Changing driving side road in Mexico

(image: Google Maps)

Why being restricted to just one side of the road?

Not the people of Mexico, who are directed to change lanes on a steep, windy road on Route 150D between Orizaba, Veracruz and Tehuacán, Puebla.



So, you’re driving downhill, correctly on the right side of the road, and the arrow on the asphalt indicates you need to switch to the left side.

How confusing is that?

The point of this puzzling piece of public road is based on physics: by getting the cars climbing the hill to take the widest angle through tight corners, there’s less need to slow down and therefore less of a hold-up if you’re stuck behind a truck.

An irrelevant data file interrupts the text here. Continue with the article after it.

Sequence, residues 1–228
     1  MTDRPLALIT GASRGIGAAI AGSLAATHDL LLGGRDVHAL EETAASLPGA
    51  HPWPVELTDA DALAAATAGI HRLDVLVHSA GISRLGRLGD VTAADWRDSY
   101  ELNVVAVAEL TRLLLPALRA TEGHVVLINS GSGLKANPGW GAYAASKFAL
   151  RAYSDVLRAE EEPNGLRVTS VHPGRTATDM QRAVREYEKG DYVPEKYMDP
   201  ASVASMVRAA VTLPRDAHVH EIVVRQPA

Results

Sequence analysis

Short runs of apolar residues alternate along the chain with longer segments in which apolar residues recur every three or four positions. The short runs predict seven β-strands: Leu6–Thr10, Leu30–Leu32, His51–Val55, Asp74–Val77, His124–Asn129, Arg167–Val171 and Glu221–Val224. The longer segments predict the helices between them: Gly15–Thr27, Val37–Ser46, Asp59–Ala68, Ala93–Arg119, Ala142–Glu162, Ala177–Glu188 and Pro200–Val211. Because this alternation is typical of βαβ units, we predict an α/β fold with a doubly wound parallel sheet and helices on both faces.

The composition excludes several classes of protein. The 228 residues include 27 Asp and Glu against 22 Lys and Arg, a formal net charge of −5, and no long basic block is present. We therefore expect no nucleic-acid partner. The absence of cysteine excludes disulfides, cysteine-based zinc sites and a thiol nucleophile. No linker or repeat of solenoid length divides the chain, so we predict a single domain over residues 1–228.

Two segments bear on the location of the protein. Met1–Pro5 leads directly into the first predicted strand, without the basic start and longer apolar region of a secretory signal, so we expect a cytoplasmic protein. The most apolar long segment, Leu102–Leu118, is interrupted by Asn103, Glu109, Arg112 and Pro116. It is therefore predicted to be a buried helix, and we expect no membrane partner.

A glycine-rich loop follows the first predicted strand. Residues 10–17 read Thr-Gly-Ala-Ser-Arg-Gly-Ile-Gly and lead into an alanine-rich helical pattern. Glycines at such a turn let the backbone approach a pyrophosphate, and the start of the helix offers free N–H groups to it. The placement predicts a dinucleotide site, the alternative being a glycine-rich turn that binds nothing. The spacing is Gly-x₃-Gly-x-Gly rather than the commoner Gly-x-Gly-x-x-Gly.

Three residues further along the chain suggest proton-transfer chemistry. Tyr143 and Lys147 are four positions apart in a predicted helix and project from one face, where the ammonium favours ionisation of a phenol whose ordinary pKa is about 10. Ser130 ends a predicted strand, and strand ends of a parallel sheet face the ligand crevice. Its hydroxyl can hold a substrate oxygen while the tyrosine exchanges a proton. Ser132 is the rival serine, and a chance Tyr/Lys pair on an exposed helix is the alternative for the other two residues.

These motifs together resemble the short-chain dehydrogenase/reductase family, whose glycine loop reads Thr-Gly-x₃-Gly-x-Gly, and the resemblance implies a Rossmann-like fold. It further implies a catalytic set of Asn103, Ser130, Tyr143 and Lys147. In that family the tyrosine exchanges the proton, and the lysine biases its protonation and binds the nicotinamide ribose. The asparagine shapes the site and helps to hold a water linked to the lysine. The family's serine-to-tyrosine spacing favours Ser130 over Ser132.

A Facebook video posted recently shows how terrifying the scenario could be if you don’t pay attention to the horizontal signage. I think it’s a great way to make drivers always focused on driving.

Carretera Federal 150D Cuota, Ciudad de México, Ciudad de México, Messico

Carretera Federal 150D Cuota 150, Ciudad de México, Ciudad de México, Messico

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